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Power Trip

It’s Okay to Not Want a Promotion

In defense of a thoughtful lack of ambition

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I couldn’t tell you what the meeting was about or exactly when it happened — probably a year or so into my first job at a tech startup — but I feel certain I was sitting at a meeting room table and listening to someone go through a slide deck when the thought struck me: Maybe I should get an MBA.

Somewhere, a record scratched. Who had I become? Well, I’d become an ex-writer — a frustrated journalist who hit 30 and felt like her career wasn’t matching her ambition and then pivoted into the MBA- and dude-heavy world of tech startups. Partly because I was worried about not saving for retirement, partly because the job afforded me the opportunity to move to a new city where I wanted to live. Most of all, though, I felt like I’d been stalling professionally. My future in journalism seemed less than bright, and switching industries seemed like the only way to move forward — even if I didn’t know what I was moving toward.

For a while, I went all-in. I became a copywriter, then moved into a strategic marketing role. And so maybe it’s not surprising that when I spent my days being told what to do by powerful people (for the most part, men) who had MBAs themselves, I began to think I should follow the same path.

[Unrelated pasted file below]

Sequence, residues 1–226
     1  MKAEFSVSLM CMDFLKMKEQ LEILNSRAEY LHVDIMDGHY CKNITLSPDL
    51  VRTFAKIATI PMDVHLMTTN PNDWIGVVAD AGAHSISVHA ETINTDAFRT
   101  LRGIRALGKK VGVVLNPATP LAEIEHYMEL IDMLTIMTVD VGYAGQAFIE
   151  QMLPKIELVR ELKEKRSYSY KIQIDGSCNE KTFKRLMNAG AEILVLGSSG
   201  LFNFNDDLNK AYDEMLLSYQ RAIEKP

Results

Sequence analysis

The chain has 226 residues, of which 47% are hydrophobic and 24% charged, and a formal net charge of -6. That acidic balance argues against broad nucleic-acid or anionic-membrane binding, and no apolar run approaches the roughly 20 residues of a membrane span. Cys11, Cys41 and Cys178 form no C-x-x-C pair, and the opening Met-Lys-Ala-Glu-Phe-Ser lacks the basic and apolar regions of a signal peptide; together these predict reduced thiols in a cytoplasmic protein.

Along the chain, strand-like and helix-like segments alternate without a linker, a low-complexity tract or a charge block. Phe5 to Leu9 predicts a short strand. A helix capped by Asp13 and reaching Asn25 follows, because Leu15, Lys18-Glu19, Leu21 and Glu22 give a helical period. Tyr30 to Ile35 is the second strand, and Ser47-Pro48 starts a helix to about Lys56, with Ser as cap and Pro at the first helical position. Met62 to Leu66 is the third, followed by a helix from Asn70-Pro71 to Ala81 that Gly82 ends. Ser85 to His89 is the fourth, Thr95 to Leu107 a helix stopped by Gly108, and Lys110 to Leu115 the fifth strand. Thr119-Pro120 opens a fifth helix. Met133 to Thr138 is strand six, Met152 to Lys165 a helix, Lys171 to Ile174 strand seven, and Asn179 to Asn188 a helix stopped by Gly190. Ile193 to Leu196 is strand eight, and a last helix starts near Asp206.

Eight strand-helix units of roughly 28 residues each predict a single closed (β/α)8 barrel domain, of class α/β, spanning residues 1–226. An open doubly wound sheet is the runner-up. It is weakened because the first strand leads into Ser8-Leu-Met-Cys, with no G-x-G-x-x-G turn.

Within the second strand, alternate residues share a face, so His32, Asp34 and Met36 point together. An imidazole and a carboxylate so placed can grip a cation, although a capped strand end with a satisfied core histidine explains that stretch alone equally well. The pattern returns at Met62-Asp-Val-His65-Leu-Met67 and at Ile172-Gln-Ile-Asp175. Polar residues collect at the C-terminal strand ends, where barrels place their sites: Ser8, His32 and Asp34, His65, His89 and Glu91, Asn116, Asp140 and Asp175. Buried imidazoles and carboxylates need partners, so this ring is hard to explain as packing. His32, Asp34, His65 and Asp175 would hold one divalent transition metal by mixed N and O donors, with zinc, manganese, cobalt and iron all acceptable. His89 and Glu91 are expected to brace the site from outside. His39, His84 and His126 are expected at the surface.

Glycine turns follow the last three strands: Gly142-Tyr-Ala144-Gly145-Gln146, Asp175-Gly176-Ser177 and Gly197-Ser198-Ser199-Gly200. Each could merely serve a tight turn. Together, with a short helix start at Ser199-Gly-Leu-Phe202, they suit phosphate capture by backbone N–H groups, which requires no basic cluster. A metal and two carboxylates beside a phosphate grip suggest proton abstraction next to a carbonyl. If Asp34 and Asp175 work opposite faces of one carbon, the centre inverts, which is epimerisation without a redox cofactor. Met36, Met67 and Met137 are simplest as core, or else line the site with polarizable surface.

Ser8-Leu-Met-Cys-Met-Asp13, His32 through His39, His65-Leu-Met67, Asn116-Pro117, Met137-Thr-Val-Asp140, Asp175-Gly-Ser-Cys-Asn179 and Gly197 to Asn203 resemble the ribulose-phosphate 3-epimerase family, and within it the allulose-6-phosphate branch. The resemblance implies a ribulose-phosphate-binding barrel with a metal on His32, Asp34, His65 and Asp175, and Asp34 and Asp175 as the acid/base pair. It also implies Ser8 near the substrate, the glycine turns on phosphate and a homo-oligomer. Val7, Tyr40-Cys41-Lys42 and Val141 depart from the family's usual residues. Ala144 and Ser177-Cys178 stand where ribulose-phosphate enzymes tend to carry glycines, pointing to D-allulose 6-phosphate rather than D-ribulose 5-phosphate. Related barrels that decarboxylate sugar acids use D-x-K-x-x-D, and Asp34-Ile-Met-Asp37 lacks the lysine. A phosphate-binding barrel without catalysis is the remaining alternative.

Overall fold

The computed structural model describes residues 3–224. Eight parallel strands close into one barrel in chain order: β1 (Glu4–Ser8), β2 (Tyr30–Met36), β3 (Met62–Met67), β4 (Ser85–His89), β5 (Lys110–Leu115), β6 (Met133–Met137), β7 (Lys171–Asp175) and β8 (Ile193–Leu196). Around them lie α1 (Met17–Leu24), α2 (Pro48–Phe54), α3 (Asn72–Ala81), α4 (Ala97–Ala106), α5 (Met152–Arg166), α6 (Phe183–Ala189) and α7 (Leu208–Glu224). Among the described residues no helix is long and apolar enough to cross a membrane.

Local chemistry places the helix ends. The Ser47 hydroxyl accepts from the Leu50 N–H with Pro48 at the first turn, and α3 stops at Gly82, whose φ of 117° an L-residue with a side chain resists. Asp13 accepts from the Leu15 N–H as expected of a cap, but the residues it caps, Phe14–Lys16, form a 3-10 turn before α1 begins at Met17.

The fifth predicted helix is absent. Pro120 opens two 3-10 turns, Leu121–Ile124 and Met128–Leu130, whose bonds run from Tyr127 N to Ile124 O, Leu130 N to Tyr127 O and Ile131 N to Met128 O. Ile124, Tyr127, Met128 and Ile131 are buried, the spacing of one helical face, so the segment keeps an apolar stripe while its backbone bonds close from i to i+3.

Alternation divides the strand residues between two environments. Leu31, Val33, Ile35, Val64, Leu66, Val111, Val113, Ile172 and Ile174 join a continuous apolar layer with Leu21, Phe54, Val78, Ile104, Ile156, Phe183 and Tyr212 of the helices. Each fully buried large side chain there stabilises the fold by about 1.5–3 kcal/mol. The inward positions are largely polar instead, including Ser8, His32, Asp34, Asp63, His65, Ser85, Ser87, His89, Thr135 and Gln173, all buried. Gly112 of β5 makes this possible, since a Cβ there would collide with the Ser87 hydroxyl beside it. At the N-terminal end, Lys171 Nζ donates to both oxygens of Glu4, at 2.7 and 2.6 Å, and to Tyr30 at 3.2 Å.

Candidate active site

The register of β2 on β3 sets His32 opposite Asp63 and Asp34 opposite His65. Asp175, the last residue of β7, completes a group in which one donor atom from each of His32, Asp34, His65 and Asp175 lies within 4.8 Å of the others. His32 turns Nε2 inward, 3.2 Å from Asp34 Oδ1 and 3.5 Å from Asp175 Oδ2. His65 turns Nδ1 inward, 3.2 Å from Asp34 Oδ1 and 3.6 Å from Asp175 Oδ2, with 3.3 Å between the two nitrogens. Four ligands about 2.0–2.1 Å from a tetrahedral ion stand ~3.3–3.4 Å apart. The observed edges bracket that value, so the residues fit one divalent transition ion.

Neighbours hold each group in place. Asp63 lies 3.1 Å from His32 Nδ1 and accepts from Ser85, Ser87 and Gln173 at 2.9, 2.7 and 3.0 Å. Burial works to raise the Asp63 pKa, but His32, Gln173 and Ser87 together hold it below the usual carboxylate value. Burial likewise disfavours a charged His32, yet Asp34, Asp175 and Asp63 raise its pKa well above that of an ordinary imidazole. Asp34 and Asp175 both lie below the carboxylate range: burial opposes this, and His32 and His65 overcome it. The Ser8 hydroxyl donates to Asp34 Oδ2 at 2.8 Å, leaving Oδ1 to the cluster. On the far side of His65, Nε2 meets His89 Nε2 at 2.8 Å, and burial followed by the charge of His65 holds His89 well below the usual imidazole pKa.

It felt like a weird thing to consider: Never before had I aimed to start a business or to join a C-suite. (Never before, in fact, had I known what a C-suite was.) But immersed in this new world and bossed around by these new people, I began to doubt whether I’d been doing myself a disservice by not going after the same things for my own career. I might not know what I wanted, but I knew I didn’t want to settle.

“It can be helpful to disentangle two questions: ‘Can I do it?’ and ‘Do I want to?’”

This is a thing about ambition: It takes a lot of personal strength to be surrounded by people who are all reaching for the same brass ring and not think that you should be reaching for it too — regardless of whether you really like brass, or rings.

Lisa Sanchez, a San Francisco–based leadership coach, often comes across this phenomenon in her work. Her advice: At every juncture, think critically about whether the next step matches who you want to be, or whether you’re letting yourself be pulled along by someone (or something) else’s momentum. “Ambition works best when we let it drive us in the direction of our deepest values. It can be so helpful to disentangle two questions: ‘Can I do it?’ and ‘Do I want to?’” Sanchez says. “Just because you can doesn’t mean you have to.”

In the moment, though, it can be difficult to disentangle those two things. Disappointed by the outcome of my writing ambitions, I didn’t ask myself if I wanted to be a tech-world striver. I just started doing it, because that seemed like the right thing, the thing everyone else seemed to want, the thing I should want for myself. It seemed like progress.